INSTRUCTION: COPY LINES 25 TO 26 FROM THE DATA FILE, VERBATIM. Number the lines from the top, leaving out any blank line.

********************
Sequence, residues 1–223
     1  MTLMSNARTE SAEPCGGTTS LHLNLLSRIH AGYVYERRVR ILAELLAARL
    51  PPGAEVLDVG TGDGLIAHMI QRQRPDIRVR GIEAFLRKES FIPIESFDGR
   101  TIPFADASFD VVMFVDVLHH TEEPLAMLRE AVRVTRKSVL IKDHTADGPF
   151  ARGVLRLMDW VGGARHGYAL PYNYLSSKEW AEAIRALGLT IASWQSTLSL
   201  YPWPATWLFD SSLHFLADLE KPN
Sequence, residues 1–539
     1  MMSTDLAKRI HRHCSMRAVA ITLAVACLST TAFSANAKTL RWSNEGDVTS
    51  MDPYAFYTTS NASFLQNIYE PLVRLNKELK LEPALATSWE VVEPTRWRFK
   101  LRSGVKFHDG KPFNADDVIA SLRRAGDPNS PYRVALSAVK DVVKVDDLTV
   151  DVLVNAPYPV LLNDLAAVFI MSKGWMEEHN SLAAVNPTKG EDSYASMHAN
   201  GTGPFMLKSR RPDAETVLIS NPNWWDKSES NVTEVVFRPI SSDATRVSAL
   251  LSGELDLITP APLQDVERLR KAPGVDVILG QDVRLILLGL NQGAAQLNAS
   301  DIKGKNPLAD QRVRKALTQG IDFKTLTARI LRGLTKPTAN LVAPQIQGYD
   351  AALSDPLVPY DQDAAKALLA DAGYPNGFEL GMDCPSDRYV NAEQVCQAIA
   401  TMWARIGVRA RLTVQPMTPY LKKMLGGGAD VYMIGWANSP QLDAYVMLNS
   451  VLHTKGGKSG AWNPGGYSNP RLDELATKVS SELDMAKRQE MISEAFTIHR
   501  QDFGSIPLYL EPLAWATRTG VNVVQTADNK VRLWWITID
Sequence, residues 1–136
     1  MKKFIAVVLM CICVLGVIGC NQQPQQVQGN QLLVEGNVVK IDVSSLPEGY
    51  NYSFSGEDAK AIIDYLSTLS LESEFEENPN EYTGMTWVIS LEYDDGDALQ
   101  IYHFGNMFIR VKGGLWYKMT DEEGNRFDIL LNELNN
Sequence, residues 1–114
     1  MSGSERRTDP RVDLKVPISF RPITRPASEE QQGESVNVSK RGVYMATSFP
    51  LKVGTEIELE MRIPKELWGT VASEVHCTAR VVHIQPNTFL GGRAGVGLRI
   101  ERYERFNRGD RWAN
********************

    51  LKVGTEIELE MRIPKELWGT VASEVHCTAR VVHIQPNTFL GGRAGVGLRI
   101  ERYERFNRGD RWAN